In the event a market transaction does exist for a SIV security, management evaluates the publicly available information surrounding the transaction in order to assess if the price used represents the fair value according to the accounting guidance for fair value measurements. In management’s opinion, the price of certain SIV securities used in recent transactions were from distressed sales and did not represent the implied fair value of the SIV securities held by the Company.

The fair value of certain financial assets of the Company was determined using the following inputs at September 30, 2009:

 

     Fair Value Measurements at Reporting Date Using

Assets

   Total    Quoted Prices in
Active Markets
for Identical
Assets
(Level 1)
   Significant
Other
Observable
Inputs
(Level 2)
   Significant
Unobservable
Inputs
(Level 3)

Equity available-for-sale securities

   $ 22,643    $ 22,643    $ —      $ —  

Fixed income available-for-sale securities

     52,283      —        52,283      —  

Trading securities issued by SIVs

     130,672      —        —        130,672

Other trading securities

     5,299      5,299      —        —  
                           
   $ 210,897    $ 27,942    $ 52,283    $ 130,672
                           

The fair value of certain financial assets and liabilities of the Company was determined using the following inputs at December 31, 2008:

 

     Fair Value Measurements at Reporting Date Using

Assets

   Total    Quoted Prices in
Active Markets
for Identical
Assets
(Level 1)
   Significant
Other
Observable
Inputs
(Level 2)
   Significant
Unobservable
Inputs
(Level 3)

Equity available-for-sale securities

   $ 17,747    $ 17,747    $ —      $ —  

Fixed-income available-for-sale securities

     57,633      —        57,633      —  

Trading securities issued by SIVs

     5,713      —        —        5,713

Other trading securities

     5,600      3,903      —        1,697
                           
   $ 86,693    $ 21,650    $ 57,633    $ 7,410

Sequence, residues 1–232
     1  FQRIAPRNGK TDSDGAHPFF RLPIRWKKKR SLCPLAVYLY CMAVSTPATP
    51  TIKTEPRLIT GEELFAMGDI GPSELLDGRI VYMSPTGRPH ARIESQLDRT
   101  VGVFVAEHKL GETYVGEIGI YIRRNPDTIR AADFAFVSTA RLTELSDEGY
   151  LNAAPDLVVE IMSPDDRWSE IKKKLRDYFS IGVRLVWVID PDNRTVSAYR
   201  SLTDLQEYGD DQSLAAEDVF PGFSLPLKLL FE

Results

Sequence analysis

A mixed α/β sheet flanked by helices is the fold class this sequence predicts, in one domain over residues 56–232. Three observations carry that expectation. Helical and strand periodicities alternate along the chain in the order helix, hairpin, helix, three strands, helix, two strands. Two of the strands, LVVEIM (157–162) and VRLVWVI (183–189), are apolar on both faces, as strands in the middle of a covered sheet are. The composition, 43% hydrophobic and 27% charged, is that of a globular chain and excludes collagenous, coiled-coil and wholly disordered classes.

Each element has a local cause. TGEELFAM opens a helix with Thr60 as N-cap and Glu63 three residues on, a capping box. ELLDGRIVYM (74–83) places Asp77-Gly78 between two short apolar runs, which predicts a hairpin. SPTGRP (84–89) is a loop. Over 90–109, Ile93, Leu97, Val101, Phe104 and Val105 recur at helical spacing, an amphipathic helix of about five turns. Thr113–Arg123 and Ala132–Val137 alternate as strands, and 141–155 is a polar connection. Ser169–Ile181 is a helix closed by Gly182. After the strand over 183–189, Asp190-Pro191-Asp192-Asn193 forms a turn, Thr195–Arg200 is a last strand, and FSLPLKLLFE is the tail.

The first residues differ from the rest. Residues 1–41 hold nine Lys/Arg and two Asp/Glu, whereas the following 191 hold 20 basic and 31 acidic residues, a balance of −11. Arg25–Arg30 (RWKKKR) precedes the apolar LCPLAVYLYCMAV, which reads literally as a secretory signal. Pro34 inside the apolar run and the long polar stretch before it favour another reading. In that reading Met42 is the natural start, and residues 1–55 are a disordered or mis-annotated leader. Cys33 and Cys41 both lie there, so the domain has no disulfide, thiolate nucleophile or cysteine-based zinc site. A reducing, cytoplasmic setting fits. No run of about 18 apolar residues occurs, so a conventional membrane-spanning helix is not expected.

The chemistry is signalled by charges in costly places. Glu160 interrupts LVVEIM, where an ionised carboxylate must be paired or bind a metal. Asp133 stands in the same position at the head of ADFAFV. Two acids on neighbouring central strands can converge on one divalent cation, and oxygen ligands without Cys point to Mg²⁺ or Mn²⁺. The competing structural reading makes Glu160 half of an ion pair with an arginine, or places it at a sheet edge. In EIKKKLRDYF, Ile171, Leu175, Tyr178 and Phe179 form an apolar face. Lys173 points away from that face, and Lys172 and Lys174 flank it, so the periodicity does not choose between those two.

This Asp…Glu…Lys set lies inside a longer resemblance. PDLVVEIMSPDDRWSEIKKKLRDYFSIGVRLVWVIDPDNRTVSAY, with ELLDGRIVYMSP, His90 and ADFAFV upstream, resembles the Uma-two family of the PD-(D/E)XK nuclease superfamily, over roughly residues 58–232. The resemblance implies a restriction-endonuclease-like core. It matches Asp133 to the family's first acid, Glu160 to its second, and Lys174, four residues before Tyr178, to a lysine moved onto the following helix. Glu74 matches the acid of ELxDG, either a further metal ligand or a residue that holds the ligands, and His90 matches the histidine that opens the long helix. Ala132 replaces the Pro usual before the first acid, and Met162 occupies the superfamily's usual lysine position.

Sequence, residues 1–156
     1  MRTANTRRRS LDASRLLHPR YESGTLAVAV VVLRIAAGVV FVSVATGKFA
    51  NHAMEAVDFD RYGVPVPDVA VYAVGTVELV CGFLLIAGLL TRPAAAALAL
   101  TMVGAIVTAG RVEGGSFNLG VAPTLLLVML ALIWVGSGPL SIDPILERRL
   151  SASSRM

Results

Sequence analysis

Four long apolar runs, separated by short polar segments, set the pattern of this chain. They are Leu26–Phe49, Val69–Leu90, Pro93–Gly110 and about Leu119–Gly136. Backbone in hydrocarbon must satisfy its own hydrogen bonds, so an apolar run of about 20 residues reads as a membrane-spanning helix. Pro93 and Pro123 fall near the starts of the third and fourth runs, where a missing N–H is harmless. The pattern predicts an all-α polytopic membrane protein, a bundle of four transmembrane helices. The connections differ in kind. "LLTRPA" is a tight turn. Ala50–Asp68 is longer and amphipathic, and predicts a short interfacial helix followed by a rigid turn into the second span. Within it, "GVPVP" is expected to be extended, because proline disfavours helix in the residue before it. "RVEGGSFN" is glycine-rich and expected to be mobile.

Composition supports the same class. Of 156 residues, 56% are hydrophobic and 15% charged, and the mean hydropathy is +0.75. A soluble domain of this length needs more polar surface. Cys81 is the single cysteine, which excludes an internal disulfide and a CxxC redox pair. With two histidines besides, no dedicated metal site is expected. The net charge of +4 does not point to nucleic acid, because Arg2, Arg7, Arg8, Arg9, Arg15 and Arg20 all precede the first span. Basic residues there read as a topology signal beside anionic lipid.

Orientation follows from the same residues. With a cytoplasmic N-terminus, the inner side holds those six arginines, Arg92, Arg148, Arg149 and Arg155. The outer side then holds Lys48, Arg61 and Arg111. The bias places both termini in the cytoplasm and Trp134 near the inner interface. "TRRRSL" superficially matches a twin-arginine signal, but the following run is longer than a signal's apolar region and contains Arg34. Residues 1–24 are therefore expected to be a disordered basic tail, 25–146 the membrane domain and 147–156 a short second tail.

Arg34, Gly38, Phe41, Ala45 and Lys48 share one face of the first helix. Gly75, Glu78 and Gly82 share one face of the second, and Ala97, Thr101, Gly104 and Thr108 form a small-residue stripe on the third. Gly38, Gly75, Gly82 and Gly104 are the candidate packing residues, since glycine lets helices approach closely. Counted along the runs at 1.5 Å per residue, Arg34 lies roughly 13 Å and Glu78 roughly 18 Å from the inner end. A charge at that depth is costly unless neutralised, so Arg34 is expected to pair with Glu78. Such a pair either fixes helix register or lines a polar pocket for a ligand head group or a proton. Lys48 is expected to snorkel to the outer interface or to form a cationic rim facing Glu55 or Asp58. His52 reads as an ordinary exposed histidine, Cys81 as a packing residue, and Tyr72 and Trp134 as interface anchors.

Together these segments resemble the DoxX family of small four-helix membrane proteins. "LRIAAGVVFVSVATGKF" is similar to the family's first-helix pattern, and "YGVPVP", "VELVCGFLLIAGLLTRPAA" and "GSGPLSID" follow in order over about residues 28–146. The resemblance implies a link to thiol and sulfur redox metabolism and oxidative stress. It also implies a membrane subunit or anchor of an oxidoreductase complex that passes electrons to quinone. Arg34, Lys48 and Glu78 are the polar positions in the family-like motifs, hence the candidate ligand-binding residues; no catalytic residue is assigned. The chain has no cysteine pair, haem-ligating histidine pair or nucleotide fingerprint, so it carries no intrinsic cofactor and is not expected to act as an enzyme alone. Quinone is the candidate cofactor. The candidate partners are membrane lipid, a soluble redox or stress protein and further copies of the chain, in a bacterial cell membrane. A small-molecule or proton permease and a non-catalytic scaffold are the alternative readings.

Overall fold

Page 19 of 49


Liabilities

           

Capital Support Agreements

   $ 173,983    $ —      $ —      $ 173,983
                           
   $ 173,983    $ —      $ —      $ 173,983
                           

The table below presents a reconciliation for all assets and liabilities of the Company measured at fair value on a recurring basis using significant unobservable inputs (Level 3) for the period from January 1, 2009 to September 30, 2009:

 

     Trading Securities
Issued by SIVs
    Other Trading
Securities
    Capital Support
Agreements
 

Balance, January 1, 2009

   $ 5,713      $ 1,697      $ (173,983

Purchases, issuances and settlements, net

     300,731        (1,536     —     

Total gains or losses (realized/unrealized):

      

Included in earnings

     (175,772     (161     173,983   

Included in other comprehensive income

     —          —          —     

Transfers in and out of Level 3

     —          —          —     
                        

Balance September 30, 2009

   $ 130,672      $ —        $ —     
                        

Losses from Trading securities issued by SIVs included in earnings of $175,772 is primarily due to the purchase of SIV securities from SEI-sponsored money market mutual funds during the nine months ended September 30, 2009. These losses to the Company’s earnings were partially offset by gains of $173,983 related to the termination of the Capital Support Agreements as a result of the Company’s purchases of remaining SIV securities from SEI-sponsored money market funds during 2009. The net loss from SIV securities and the Capital Support Agreements during the nine months ended September 30, 2009 of $1,789 is recognized in Net gain (loss) from investments on the accompanying Consolidated Statements of Operations (See Notes 6 and 7).

The table below presents a reconciliation for all assets and liabilities of the Company measured at fair value on a recurring basis using significant unobservable inputs (Level 3) for the period from January 1, 2008 to September 30, 2008:

 

     Trading Securities
Issued by SIVs
    Capital Support
Agreements
 

Balance, January 1, 2008

   $ —        $ (25,122

Purchases, issuances and settlements

     15,321        —     

Total gains or losses (realized/unrealized):

    

Included in earnings

     (6,588     (87,301

Included in other comprehensive income

     —          —     

Transfers in and out of Level 3

     —          —     
                

Balance, September 30, 2008

   $ 8,733      $ (112,423
                

The $6,588 recognized in earnings relates to the unrealized losses of Trading securities issued by SIVs during the nine months ended September 30, 2008. Further losses of $87,301 relates to the change in fair value of the Capital Support Agreements during 2008. The total losses from SIV securities and Capital Support Agreements during the nine months ended September 30, 2008 of $93,889 are recognized in Net gain (loss) from investments on the accompanying Consolidated Statements of Operations (See Note 7).